Tiered Savings Accounts

Tiered Savings Accounts

Written by Lisa Rennie
Fact-checked by Caitlin Wood
Last Updated June 16, 2021

A savings account is a basic type of bank account that is designed specifically for money to sit and grow with interest. The more money you have in the account, the more money you’ll earn in interest. 

Some savings accounts pay out a higher interest rate as you pass certain levels of account balances. So, the more you put into your account, the more likely you will be able to earn a higher rate on money deposited. These are called “tiered” savings accounts.

Let’s take a closer look at these types of accounts and help you determine if they’re something you may want to open. 

What Are Tiered Savings Accounts?

Banks make their profits off of money deposited in savings accounts by lending it out to others. They earn interest on this money loaned out and repay their own customers through an interest rate, which represents a very small portion of the profits they earn. 

Banks can only lend out capital that is given to them by their clients, which is why they offer interest rates to incentivize people to open bank accounts and deposit money into them. 

It’s in the best interests of banks for clients to keep their money in their savings accounts for long periods of time. The longer, the better. That’s because they can then use that money to lend out to others and earn profits from such loans. 

The more money you have in your savings account, the higher the interest rate the bank offers. They do this to encourage you to deposit more. You’ll earn more money in interest because you have more money sitting in your savings account. 

This is what’s known as the ‘tier system’. For example, you may earn 0.50% interest on a balance of $5,000, but can earn 1.00% on balances of $5,000 or more. 

This system may also be based on the length of time that your money is left deposited into your savings account. For instance, you may earn 0.55% after 90 days, 0.75% after 180 days, and 1.00% after 360 days, as long as you do not withdraw any funds during this time.

Partial Vs Whole Balances

It’s important to understand the difference between partial and whole balances, as this can affect the interest rate on your deposited funds. 

Partial Balance 

With this system, you’ll be paid the higher rate only on the amount exceeding the base amount. Using the above as an example, you would earn an interest rate of 0.50% on the initial $4,999.99, then 1.00% on any amount over $5,000. This system pays out less in interest compared to a whole balance system.

Whole Balance 

You’ll be paid out the highest interest rate the moment you reach the next tier, which means you’ll make more money with this system compared to a partial balance tier system.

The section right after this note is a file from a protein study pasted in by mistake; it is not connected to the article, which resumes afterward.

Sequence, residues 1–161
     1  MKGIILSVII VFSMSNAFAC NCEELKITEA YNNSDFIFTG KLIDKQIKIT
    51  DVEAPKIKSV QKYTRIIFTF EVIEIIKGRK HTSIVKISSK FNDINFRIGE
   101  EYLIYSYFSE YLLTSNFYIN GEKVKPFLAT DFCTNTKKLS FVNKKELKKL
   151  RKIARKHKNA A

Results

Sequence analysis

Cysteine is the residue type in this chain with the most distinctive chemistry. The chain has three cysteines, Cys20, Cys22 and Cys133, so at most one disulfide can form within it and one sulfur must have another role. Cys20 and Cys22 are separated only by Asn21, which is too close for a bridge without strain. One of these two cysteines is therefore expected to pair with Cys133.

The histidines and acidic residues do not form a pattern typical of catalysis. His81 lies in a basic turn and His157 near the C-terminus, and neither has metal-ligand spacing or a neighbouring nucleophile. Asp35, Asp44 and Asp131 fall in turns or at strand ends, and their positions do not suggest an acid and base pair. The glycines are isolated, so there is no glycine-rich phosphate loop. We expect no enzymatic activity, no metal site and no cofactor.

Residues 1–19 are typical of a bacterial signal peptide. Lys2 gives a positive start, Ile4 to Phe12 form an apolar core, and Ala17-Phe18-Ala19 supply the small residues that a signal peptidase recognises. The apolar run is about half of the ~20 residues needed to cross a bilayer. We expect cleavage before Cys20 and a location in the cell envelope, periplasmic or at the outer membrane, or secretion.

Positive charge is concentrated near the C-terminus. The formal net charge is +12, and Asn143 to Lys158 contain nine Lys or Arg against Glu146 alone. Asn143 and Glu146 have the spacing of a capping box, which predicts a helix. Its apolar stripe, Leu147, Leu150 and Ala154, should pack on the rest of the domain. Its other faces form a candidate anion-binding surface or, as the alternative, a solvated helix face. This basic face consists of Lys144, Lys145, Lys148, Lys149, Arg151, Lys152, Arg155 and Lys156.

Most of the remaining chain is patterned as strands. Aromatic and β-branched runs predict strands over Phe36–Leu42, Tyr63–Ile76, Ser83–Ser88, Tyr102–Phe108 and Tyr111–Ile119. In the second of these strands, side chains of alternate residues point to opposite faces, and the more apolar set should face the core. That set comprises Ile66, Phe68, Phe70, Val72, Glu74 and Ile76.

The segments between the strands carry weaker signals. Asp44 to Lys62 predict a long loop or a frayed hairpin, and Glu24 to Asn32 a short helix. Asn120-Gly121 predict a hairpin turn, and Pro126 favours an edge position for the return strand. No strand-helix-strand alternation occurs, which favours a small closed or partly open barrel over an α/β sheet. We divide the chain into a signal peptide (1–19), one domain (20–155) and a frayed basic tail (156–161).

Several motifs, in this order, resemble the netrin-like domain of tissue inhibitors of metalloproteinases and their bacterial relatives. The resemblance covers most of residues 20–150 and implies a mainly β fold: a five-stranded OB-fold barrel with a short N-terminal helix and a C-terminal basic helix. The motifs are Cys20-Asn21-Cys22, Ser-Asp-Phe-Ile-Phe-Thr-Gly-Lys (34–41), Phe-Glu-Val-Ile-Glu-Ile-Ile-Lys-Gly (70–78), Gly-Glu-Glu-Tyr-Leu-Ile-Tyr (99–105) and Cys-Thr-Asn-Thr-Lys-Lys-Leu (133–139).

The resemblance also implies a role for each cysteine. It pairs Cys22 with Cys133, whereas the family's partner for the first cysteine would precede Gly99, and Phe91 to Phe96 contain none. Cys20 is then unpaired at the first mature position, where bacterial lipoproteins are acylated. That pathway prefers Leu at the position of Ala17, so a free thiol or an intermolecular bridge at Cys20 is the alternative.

Banks may also use a combination of the two systems. To illustrate, let’s say a bank offers 4 different tiers as follows: 

  • 1st tier: 0.30% for balances up to $2,999, using the whole balance system.
  • 2nd tier: 0.45% for balances between $3,000 to $5,999 using the whole balance system.
  • 3rd tier: 0.60% for balances between $6,000 to $9,999 using the partial balance system. 
  • 4th tier: 1.00% for balances over $10,000 using the partial balance system. 

In this example, the interest earned will be based on how much you have deposited, with each tier’s rate based on a different system as you climb the ladder. 

Final Thoughts

Rather than getting paid out one interest rate, regardless of what your account balance is, a tiered savings account rewards you with a higher rate with a higher balance. These types of accounts are ideal for consumers who intend to maintain high balances in their savings accounts. 

That said, you’d need to hold a few thousand dollars in your account or make it worth your while. If a tiered savings account offers a high interest rate — especially if it uses a whole balance system — it may be worth looking into to help your money grow over time. 

Lisa has been working as a writer for more than a decade, creating unique content that helps to educate Canadian consumers in the realms of real estate, mortgages, investing and financial health. For years, she held her real estate license in Toronto, Ontario before giving it up to pursue writing within this realm and related niches. Lisa is very serious about smart money management and helping others do the same. She's used a variety of financial tools over the years and is currently growing her money with Wealthsimple, while stashing some capital in a liquid high-interest savings account so that she always has a financial cushion to fall back on. She's also been avidly using her Aeroplan TD credit card to collect as many Aeroplan points as possible to put towards her travels!

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